An online resource based on the award-winning nature guide

Archive for September 16, 2010

Spider Egg Sac – Welcome to a photographic journey through the woods, fields and marshes of New England

Find more of my photographs and information similar to that which I post in this blog in my book Naturally Curious, which is being published this fall.

SPIDER EGG SAC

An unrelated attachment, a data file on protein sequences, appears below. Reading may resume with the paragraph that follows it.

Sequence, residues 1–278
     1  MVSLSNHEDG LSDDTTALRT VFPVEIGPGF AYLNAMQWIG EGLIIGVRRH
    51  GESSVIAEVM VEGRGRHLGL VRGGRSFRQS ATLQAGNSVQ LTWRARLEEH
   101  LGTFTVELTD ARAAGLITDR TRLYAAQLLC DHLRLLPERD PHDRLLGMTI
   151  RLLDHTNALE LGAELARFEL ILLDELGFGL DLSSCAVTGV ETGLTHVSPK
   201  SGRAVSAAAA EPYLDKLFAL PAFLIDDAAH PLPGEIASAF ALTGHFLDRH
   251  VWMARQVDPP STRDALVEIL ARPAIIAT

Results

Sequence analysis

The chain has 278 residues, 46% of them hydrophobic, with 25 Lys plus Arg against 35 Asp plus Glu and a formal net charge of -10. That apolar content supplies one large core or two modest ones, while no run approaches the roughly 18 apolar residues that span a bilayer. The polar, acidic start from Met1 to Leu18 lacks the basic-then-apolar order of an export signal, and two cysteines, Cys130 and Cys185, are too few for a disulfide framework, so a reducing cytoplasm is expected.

This is the time of year when spiders are mating and laying eggs. The female black and yellow argiope (large orb web spinner) deposits her eggs on a square piece of silk she spins. She then pulls the four corners together, forming it into a ball, which she then attaches to vegetation or a more solid structure. The female then dies; the eggs will hatch this fall. The spiderlings overwinter inside the egg sac, remaining more or less dormant during the cold weather, but becoming more active during warmer days. Because this activity demands energy, and there is no food available inside the egg sac, the young spiders resort to cannabalism. The surviving spiderlings will emerge from the egg sac come spring.


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